Fauvism

By 1890 Matisse, who was to be the chef d'école of the Fauvist movement, had moved to Paris, where he shared a studio with Marquet (another of the future Fauves) right next to the River Seine. After a conventional beginning at the Ecole des Beaux Arts, Matisse studied at the studio of the painter Gustave Moreau, who preferred to develop imagination in his students rather than academic imitation. As early as 1896 Matisse was preoccupied with color, and trips to the Mediterranean, the 'land of light,' encouraged him to persevere in this direction. Cézanne was another important influence, but other painters including Derain and Vlaminck were coming to share Matisse's attraction to light and color. In 1904, Matisse encountered Pointillist painters, including Paul Signac, at St Tropez, and he employed the technique for a few months. In 1905 he discovered the work of Gauguin; and Fauvism was born during the Salon d'Automne exhibition where the works of Matisse, Marquet, Derain and Vlaminck were shown, and a wry critic named them fauves, or 'wild beasts.' The Fauvist artists did not form a homogeneous school, but they all tended to use the energetic power of light and color. If power and energy are indeed at the center of their works, then in some sense the Italian Futurists may be said to have taken over from them in expressing movement, power and exhilaration, as can be seen from the paintings of Carrà, Balla, Boccioni, Severini and Russolo, which are introduced toward the end of this film. It also features works by Moreau, Maillol, Dufy and others. Part of the series The Adventure of Modern Art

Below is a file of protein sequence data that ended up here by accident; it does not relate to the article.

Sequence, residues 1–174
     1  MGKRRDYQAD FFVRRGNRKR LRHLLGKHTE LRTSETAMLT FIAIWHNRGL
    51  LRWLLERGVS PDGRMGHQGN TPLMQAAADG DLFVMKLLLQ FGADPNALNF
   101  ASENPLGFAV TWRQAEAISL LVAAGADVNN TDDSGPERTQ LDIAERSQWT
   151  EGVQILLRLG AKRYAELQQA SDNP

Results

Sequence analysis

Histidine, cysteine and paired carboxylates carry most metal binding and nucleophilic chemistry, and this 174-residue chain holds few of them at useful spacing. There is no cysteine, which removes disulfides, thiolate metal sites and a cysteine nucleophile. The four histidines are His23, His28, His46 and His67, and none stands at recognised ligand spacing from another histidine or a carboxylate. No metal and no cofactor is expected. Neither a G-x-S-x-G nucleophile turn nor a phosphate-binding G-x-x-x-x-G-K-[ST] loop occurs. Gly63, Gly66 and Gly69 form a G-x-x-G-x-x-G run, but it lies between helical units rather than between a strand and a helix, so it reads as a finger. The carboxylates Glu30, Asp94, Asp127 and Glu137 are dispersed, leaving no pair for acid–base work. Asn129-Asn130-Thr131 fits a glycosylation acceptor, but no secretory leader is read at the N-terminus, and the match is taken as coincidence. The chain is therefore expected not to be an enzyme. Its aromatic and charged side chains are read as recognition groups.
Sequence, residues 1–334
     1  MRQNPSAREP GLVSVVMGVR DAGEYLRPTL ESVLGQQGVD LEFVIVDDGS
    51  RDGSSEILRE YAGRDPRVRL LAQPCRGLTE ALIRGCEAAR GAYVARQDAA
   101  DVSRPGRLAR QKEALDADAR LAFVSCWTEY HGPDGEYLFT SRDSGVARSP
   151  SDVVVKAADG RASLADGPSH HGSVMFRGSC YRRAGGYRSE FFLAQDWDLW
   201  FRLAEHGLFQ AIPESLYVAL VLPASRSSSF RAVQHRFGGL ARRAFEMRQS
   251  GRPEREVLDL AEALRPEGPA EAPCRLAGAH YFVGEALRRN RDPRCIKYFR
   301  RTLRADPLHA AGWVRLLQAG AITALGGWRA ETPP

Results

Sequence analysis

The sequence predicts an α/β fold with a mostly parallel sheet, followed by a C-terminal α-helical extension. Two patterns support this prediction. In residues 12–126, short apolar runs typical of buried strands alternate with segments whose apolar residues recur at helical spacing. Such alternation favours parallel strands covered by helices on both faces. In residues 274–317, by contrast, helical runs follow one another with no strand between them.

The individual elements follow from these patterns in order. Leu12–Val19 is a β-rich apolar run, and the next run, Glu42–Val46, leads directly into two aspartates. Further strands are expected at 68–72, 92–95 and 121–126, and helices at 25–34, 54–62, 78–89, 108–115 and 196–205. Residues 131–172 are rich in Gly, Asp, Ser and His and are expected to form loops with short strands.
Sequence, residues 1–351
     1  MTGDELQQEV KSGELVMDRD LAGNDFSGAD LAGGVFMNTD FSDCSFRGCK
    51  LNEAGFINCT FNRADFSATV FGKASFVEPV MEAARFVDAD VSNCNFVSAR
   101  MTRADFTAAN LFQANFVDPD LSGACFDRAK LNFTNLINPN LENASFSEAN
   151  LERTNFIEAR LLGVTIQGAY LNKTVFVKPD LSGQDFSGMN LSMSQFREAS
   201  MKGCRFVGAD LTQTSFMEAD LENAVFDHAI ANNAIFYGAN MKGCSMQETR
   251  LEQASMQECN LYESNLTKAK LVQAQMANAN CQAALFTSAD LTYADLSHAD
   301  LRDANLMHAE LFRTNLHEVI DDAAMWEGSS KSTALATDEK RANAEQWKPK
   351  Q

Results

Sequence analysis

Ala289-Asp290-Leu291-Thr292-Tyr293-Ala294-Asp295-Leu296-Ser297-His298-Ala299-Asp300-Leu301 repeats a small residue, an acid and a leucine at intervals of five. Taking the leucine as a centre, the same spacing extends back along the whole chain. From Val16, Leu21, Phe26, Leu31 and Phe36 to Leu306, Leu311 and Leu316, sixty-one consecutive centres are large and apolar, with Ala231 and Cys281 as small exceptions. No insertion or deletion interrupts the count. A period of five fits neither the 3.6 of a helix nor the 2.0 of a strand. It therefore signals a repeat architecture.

Credits

Director: Carlos Vilardebo
Writers/Narration: André Parinaud: Carlos Vilardebo


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Catalog number #426

53 minutes Color

Age Range: 15 to Adult

Closed Captions and Interactive Transcript

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